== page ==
ROCHESTER HILLS – “Each of us can do a bite-size version of something important.”
That was part of the message delivered by Emmy & Golden Globe nominated actor Anthony Anderson. He was the keynote speaker at Oakland University’s 30th Annual Keeper of the Dream Scholarship Awards Celebration.
“Dr. King said life’s most persistent and urgent question is, what are you going to do for others?,” said Anderson.
He recounted the stand took by Dr. King and trailblazers such as Muhammad Ali, Sir Sidney Poitier, and Betty White.
Anderson also celebrated with seven OU students, recognized for their contribution to interracial understanding and good will.
“I feel like it’s an utmost honor,” said Keyara Pepper-Cameron, scholarship recipient. “It’s not something that happens everyday. It’s nice to be noticed and recognized for all the accomplishments for all the work that we’re doing.”
Pepper-Cameron had her goals set on growing the interracial community when she first arrived on campus. She has taken the opportunity to work with students and help build their confidence and given them a voice. She has exemplified this character in her role as a student assistant at the Gender and Sexuality Center on campus, helping her become an advocate and teacher supporting the LGBTQIA community.
The Keeper of the Dream Scholarship Awards Celebration was established in 1993 and honors the legacy of the late civil rights leader, Dr. Martin Luther King, Jr. and awards scholarships to students that best demonstrate exceptional leadership qualities. The Keeper of the Dream scholarship program has hosted renowned keynote speakers in the past such as Three-time WNBA MVP Lisa Leslie, Oscar-winning director Lee Daniels, Coretta Scott King, Martin Luther King III, and others.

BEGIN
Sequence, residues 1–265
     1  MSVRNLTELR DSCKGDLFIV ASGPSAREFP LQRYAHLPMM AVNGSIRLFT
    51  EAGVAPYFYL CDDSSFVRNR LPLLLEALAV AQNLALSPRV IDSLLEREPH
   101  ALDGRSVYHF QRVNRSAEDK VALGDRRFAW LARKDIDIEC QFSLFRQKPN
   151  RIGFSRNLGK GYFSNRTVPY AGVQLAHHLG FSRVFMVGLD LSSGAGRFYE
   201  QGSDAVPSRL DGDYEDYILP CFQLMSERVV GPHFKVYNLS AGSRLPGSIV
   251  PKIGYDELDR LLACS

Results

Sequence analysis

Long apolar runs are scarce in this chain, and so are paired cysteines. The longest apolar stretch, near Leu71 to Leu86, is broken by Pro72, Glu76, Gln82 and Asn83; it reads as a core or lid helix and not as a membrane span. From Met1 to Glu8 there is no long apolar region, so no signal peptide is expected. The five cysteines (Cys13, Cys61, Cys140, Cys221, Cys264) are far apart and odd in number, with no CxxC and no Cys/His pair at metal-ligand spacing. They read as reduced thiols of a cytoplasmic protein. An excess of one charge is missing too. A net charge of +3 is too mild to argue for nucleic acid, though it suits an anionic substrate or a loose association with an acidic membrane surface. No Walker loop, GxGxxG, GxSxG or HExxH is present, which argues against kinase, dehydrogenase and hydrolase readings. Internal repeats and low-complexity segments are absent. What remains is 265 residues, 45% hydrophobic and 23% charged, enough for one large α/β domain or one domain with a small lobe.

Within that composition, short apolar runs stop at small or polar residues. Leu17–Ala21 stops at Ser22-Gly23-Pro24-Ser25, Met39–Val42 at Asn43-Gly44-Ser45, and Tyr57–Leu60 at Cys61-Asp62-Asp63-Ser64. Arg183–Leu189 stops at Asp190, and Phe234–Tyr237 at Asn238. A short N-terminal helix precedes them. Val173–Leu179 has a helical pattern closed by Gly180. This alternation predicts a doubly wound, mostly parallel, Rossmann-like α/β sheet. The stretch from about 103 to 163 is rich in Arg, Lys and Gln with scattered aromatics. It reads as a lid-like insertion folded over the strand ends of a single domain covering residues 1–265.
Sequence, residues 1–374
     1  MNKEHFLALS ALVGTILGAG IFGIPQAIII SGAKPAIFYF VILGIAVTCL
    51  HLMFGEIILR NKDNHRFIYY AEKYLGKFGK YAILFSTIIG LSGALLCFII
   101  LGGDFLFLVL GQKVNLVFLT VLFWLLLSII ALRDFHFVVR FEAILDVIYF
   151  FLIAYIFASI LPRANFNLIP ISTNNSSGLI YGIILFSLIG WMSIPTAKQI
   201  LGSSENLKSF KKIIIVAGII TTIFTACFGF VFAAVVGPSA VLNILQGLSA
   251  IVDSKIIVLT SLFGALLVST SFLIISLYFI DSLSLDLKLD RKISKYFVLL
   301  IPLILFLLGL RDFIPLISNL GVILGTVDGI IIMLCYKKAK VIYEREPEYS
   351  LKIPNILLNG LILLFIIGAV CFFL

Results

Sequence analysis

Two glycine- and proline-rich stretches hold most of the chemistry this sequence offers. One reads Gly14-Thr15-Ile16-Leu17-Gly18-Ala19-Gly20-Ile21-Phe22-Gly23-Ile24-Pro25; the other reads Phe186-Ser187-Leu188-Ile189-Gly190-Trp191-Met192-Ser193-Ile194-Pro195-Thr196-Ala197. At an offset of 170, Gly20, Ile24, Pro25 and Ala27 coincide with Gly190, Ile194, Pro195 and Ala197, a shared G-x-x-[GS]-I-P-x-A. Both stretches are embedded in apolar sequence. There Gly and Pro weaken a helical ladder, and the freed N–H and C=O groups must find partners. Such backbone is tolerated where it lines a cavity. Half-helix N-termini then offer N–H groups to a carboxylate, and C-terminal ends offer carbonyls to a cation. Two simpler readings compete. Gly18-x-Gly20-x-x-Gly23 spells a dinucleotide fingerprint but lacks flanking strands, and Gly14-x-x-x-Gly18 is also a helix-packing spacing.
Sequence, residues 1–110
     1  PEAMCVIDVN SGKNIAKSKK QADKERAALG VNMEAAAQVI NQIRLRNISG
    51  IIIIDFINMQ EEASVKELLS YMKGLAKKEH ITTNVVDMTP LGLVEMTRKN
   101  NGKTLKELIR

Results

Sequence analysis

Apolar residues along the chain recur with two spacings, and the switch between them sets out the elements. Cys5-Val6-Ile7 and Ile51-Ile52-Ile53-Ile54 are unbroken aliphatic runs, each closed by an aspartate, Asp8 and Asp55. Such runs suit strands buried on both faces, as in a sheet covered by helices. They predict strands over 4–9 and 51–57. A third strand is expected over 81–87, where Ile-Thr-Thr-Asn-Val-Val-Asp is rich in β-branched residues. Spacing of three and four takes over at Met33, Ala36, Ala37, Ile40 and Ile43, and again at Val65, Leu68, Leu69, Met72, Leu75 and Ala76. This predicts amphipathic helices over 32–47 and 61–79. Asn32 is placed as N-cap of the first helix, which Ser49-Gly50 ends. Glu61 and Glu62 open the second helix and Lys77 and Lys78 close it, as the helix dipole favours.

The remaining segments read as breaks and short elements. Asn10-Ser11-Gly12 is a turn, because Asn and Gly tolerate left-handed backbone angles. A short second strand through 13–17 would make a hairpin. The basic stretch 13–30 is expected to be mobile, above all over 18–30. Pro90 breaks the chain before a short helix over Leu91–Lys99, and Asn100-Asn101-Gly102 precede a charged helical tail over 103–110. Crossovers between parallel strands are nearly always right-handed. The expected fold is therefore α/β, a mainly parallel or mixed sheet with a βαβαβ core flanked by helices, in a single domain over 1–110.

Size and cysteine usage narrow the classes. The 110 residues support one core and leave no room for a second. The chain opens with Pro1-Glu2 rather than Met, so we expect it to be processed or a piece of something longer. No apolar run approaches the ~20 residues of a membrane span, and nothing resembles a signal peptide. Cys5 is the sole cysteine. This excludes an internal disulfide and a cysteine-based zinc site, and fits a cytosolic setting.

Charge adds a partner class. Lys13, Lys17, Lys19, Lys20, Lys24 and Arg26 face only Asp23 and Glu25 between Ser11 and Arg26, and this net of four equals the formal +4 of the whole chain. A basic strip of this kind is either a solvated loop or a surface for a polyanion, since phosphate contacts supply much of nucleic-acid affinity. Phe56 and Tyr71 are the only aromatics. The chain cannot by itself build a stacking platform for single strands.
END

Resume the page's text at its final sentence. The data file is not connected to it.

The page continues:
“This honestly changes a whole lot for me”, said Markeal Williams, scholarship recipient. “After receiving this scholarship, I no longer have to pay anything to go to school anymore and I’m really excited about it.”
Williams is a member of the Track and Field DEI team committee, curating social justice initiatives and educational conversations. Williams stared a campaign to ensure all student-athletes were registered to vote, including international students in their home countries, according to Williams’ school biography.
“The value of education and the value of social justice in our community (is important)”, said Omar Brown-El, Senior Director, Center for Multicultural Affairs, Oakland University. “When we come together to recognize seven students that have clearly deserved to be recognized as the Keeper of the Dream. We know and we say it very loudly to our campus community that we value diversity, we value education and we value inclusion.”
In this spirit of Dr. King’s message about the character in all of us moving forward, The ABC black-ish star had this advice for students and attendees.
“In all of my adventures in school, in acting, in business, and in life – every little lesson I’ve learned can be compressed in two words, be kind,” said Anderson. “On Dr. King’s birthday and everyday, go show the world that kindness counts and empathy works.”
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